The International Space Station: Technical Aspects

The International Space Station: Technical Aspects

Chris Nie (Lockheed Martin, USA)
DOI: 10.4018/978-1-5225-7256-5.ch006

Abstract

A new era of spaceflight dawned following the conclusion of the United States and Russian space race. This new era has been marked by the design, assembly, and operation of one of the greatest engineering feats mankind has accomplished, the International Space Station (ISS). The ISS is comprised of hundreds of thousands of kilograms of material built on the ground and transported to space for assembly. It houses an artificial atmosphere to sustain life in outer space and has been continually inhabited for over 15 years. This chapter describes the technical complexity of the ISS, the background of how it was assembled, its major systems, details of crew life onboard, commercial usage of the resource, and examples of mishaps that have occurred during the ISS's operation. The technical details of the ISS provide a glimpse into what future space stations that might orbit the Moon and Mars will resemble.
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Background

The ISS currently orbits Earth at approximately 400 kilometres altitude, traveling at more than 7.5 kilometres a second, completing a full orbit around the globe every 90 minutes. It has been continuously inhabited by humans since November of 2000 and has been visited by more than 230 people from 18 countries as of November 2018. Taking up an area of 51 by 109 meters and having a mass of 420,000 kilograms, it can nearly cover a football pitch and is more massive than 320 automobiles. It contains 388 cubic meters of liveable volume and produces an average of 84 kilowatts for crews that vary between 3 and 6 normally, with a record of 13 for a short duration in July of 2009 (Moskowitz, 2009).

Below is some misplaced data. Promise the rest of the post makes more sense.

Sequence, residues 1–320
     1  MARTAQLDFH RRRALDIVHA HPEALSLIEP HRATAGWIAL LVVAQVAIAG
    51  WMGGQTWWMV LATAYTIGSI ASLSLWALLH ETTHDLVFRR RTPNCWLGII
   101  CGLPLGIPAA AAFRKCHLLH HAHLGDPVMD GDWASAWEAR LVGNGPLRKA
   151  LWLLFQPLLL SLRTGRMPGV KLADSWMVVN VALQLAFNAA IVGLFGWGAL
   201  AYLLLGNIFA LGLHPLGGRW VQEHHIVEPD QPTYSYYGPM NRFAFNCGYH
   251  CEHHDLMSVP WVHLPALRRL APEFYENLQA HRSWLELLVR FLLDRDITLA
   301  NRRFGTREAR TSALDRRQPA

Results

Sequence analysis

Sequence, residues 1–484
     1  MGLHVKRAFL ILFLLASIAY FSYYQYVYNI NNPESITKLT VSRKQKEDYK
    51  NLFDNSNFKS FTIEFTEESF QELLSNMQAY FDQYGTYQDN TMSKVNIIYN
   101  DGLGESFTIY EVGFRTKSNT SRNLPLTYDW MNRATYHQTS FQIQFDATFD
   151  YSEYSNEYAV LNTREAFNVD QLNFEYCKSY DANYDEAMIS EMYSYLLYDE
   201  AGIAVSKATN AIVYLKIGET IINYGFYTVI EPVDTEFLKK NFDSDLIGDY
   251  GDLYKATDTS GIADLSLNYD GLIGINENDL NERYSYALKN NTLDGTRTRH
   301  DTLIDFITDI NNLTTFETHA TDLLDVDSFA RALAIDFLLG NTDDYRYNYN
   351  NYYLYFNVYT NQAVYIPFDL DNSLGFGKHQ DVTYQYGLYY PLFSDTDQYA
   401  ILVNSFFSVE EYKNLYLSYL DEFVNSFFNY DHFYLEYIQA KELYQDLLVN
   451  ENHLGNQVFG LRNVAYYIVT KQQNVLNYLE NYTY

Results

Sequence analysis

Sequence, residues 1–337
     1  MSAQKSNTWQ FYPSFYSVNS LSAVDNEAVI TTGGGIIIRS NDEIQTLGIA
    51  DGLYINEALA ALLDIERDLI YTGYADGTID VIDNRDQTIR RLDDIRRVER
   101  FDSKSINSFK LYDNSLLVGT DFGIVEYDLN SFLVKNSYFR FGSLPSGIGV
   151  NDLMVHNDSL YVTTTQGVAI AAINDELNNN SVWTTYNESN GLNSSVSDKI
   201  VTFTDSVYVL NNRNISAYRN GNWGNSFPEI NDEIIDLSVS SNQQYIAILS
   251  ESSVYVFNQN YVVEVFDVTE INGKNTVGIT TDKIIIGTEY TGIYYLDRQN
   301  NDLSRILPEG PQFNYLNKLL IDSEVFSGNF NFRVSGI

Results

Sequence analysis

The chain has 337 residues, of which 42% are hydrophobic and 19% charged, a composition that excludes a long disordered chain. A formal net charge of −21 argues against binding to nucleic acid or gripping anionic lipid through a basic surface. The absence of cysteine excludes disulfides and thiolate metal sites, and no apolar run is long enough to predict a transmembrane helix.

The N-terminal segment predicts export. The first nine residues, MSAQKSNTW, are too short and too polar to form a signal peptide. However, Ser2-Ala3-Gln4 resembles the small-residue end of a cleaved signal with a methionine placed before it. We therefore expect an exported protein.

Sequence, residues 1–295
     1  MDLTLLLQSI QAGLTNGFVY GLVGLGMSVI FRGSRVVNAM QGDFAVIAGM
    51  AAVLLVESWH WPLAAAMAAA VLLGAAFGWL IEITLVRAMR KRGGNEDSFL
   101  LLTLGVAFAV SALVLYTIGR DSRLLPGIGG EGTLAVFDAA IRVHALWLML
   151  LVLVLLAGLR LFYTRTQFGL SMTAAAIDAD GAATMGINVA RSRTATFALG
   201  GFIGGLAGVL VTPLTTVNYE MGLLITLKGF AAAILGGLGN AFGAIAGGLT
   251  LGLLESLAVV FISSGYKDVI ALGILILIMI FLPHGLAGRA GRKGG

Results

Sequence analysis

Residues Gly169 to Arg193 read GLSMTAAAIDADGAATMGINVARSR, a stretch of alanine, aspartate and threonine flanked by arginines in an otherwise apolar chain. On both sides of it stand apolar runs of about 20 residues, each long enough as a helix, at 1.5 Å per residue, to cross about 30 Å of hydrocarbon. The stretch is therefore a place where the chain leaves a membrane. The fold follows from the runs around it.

The orbiting station has been built to be a stepping stone to humanity’s exploration of our solar system. Its primary purpose is to serve as a laboratory to study what happens to humans, plants, and technology that undergo long duration spaceflight. To accomplish this mission, the ISS was built over the course of 15 years with subsystems designed to keep humans and experiments happy and healthy while on-board.

The United States Congress designated the ISS a U.S. National Laboratory in 2005 in order to enable space research and development and increase access to conduct experiments on the ISS for commercial, academic, and government users. This designation led to the development of the Center for the Advancement of Science in Space, or CASIS, that manages the U.S. National Laboratory on the ISS. This effort, in addition to the experiments flown prior to CASIS and by other countries, has enabled over 2,400 experiments or investigations as of September 2017 to be conducted on-board, covering disciplines including: biology and biotechnology, earth and space science, educational and cultural activities, human research, physical science, and technology development and demonstration (National Aeronautics and Space Administration, 2018).

Key Terms in this Chapter

Microgravity: The condition in which people or objects appear to be weightless.

International Space Station: A habitable artificial satellite built by member nations that conducts testing for future space technologies and microgravity research for Earth-based science.

Journey to Mars: Plan that outlines goals in the bipartisan NASA Authorization Act of 2010 and in the U.S. National Space Policy, also issued in 2010 to develop the capabilities needed to send humans to Mars in the 2030s.

Space Mishaps: Accidents or incidents that have occurred during human spaceflight.

Human Spaceflight: Space travel with crew or passengers aboard the spacecraft.

Life Science: A branch of science that focuses on the study of organisms. Research in this area occurs in space to determine the response of organisms in the microgravity environment.

Center for the Advancement of Science in Space (CASIS): Manager of the International Space Station (ISS) U.S. National Laboratory with the goal to ensure the ISS is fully utilized to benefit life on Earth.

Environmental Control and Life Support System: The collection of components designed and built to measure and maintain the necessary habitat to support life in human spaceflight.

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